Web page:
The World Health Organization recently announced plans to launch a pilot program for prequalifying biosimilars.
The World Health Organization (WHO) recently announced plans to launch a pilot program for prequalifying biosimilars. This new program would be a step toward making expensive biologic drugs, including those that treat cancer, more widely available for use in lower-income countries, according to a press release.
In September, the WHO will request that manufacturers apply for prequalification for biosimilars of rituximab and trastuzumab, which are both on the WHO Essential Medicines List. Rituximab (Rituxan) is indicated to treat non-Hodgkin’s lymphoma and chronic lymphocytic leukemia, and trastuzumab is indicated to treat breast cancer.
The decision to develop the novel program was the result of a meeting between the WHO, national regulators, pharmaceutical industry groups, patient and civil society groups, payers, and policymakers, who gathered to discuss increasing access to biologic drugs, according to the release.
The WHO also has future plans to explore ways to prequalify insulin, since it has become increasingly costly.
Biologic drugs have become a novel and effective way to treat diseases, including cancers and autoimmune disorders. Much like generic drugs, biosimilars can be a less costly alternative to a reference product.
Biosimilars are typically manufactured after the reference product’s patent has expired, which removes legal barriers. Since many patents are expiring, more biosimilars are emerging. To date, there have been 6 biosimilars approved.
The WHO reported that biosimilars could increase access to effective treatment in lower-income countries and has the potential to reduce healthcare costs in high-income countries.
“Innovator biotherapeutic products are often too expensive for many countries, so biosimilars are a good opportunity to expand access and support countries to regulate and use these medicines,” said Marie-Paule Kieny, WHO assistant director general for Health Systems and Innovation.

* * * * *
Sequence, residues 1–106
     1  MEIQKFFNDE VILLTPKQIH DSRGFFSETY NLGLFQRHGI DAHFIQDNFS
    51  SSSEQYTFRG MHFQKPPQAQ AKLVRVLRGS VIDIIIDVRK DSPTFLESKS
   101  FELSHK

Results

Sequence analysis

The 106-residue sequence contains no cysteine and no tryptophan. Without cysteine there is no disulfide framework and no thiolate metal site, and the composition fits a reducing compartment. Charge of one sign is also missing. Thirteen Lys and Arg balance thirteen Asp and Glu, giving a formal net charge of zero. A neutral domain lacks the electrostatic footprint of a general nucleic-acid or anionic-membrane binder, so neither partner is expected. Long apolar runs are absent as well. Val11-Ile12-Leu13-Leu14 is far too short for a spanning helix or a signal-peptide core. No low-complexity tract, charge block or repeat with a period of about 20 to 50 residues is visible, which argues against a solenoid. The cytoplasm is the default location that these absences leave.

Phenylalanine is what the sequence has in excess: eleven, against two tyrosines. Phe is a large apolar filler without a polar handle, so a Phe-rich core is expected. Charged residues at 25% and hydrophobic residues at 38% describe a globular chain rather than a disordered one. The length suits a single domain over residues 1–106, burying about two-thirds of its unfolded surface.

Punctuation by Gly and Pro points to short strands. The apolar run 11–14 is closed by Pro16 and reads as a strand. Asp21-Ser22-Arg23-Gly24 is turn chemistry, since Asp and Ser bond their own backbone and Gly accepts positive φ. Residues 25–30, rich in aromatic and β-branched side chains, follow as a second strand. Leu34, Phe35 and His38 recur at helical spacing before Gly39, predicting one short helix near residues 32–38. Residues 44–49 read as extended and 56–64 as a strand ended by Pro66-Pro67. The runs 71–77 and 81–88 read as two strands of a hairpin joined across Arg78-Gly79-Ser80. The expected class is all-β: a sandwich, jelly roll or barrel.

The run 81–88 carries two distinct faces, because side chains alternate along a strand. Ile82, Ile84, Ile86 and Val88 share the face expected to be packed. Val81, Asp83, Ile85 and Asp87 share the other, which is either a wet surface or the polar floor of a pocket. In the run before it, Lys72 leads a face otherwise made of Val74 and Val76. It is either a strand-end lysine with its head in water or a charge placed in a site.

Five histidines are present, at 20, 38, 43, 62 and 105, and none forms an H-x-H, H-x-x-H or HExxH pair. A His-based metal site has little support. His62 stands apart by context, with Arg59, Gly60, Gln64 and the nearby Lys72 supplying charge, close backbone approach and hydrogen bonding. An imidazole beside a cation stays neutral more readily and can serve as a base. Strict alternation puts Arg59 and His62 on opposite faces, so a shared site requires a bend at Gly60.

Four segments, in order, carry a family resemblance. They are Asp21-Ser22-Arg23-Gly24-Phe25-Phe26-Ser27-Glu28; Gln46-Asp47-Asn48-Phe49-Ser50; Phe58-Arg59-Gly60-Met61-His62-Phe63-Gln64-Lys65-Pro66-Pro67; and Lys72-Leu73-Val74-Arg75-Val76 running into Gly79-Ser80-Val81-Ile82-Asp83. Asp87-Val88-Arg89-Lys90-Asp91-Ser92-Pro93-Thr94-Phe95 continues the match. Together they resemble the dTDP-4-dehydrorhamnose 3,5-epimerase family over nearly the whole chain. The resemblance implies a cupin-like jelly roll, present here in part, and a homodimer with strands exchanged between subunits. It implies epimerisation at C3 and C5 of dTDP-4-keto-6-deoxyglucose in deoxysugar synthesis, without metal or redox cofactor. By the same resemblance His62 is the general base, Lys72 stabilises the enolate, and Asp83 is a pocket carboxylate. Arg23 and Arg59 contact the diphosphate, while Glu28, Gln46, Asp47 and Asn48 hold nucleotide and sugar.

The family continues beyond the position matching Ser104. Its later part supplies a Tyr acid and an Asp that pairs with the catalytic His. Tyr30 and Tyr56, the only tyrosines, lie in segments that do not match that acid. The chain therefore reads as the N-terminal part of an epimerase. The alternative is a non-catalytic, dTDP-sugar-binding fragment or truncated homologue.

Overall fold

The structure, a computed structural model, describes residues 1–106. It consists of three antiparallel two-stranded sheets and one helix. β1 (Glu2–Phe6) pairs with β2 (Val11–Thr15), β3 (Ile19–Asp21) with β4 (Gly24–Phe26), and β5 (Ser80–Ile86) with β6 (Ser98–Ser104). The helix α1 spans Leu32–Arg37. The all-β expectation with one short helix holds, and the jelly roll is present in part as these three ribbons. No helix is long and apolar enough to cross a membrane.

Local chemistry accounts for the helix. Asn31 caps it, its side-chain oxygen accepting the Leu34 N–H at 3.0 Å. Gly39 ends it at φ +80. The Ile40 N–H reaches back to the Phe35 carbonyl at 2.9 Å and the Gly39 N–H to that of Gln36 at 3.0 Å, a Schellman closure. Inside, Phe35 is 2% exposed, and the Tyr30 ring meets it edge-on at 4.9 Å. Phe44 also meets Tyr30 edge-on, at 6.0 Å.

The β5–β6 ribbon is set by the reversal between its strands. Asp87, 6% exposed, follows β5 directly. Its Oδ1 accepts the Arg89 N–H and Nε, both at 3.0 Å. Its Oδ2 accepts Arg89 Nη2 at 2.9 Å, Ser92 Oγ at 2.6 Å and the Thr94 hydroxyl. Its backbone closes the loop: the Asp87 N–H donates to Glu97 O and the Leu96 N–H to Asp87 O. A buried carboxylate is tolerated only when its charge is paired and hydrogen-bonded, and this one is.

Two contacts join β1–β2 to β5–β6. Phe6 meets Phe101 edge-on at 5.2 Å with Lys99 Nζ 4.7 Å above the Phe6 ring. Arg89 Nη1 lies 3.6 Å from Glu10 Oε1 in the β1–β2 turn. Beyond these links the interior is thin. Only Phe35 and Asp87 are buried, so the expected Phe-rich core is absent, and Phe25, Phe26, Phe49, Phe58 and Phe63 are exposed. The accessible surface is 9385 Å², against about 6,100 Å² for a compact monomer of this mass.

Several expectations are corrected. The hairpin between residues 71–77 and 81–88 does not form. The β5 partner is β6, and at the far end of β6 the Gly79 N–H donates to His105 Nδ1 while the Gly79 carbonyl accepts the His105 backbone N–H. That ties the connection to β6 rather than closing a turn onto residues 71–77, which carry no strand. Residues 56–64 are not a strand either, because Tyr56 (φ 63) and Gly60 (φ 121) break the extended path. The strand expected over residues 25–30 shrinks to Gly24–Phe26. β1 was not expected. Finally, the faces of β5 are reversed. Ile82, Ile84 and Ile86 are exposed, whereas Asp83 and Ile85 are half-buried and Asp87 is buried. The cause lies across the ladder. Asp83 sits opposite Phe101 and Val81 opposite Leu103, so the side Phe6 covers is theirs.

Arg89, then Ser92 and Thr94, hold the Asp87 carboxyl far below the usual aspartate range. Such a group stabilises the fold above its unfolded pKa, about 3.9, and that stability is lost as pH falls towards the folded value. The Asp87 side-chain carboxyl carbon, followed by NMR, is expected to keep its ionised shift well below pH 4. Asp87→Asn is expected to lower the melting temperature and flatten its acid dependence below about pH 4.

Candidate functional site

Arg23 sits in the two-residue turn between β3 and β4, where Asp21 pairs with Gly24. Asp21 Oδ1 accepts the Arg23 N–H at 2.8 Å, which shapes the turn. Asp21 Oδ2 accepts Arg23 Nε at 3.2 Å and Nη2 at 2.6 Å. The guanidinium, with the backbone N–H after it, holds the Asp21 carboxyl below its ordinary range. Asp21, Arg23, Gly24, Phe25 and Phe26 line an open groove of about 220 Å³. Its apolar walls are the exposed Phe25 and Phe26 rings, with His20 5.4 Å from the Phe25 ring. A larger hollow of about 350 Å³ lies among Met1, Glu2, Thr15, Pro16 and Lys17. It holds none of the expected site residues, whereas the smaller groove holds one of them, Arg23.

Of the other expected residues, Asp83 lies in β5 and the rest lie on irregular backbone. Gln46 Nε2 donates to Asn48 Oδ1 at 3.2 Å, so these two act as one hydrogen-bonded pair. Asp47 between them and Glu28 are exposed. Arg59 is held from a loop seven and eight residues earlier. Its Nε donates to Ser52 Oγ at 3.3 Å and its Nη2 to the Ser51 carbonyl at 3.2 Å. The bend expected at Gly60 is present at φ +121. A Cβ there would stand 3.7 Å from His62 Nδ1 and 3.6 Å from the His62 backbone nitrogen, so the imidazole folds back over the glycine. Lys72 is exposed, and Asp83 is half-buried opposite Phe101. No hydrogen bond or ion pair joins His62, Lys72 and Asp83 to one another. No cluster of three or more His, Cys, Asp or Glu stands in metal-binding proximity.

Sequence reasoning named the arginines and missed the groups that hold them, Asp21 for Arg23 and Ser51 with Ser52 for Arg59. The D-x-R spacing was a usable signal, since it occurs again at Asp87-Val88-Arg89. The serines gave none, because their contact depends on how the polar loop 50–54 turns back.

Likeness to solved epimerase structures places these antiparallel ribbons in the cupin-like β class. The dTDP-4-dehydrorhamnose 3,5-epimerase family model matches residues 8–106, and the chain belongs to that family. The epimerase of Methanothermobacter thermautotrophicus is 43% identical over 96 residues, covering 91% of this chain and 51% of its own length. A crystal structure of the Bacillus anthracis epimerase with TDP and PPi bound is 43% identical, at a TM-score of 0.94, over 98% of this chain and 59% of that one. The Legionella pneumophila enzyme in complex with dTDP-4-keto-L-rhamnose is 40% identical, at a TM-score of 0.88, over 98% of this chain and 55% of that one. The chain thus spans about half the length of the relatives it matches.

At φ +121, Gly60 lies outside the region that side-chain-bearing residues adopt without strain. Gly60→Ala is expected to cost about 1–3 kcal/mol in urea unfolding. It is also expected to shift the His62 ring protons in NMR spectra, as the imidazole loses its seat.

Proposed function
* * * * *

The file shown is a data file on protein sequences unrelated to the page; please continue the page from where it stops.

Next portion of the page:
During investigation, if the WHO finds that submitted biosimilars are comparable to the reference product, the drugs will be listed by the organization and become eligible for procurement by United Nations agencies, according to the release.
Currently, many lower income countries rely on WHO prequalification before buying drugs. Prequalification could also be used to increase competition in the industry and drive down costs.
The WHO also plans to review its 2009 guidelines related to the evaluation of similar biologic drugs to ensure that it includes more recent findings, according to the release.
“Biosimilars could be game-changers for access to medicines for certain complex conditions,” said Suzanne Hill, WHO director of Essential Medicines and Health Products. “But they need to be regulated appropriately to ensure therapeutic value and patient safety.”
The uptake of biosimilars also requires the participation of patients and physicians, who must understand that the benefits outweigh the risks for biosimilars, the WHO reported.
Additionally, the WHO will seek out testimony from countries who have had positive experiences with biosimilars, as well as partnering with organizations to educate prescribers and patients about biosimilars.
The WHO has announced plans to advocate fair biologic drug prices to ensure that patients and the public can benefit from the drugs. This initiative includes supporting countries in creating price-setting strategies that will lead to sustainable markets to deliver healthcare to patients, savings to payers, and incentives to manufacturers to ensure the drugs are continuing to be produced, the release concluded.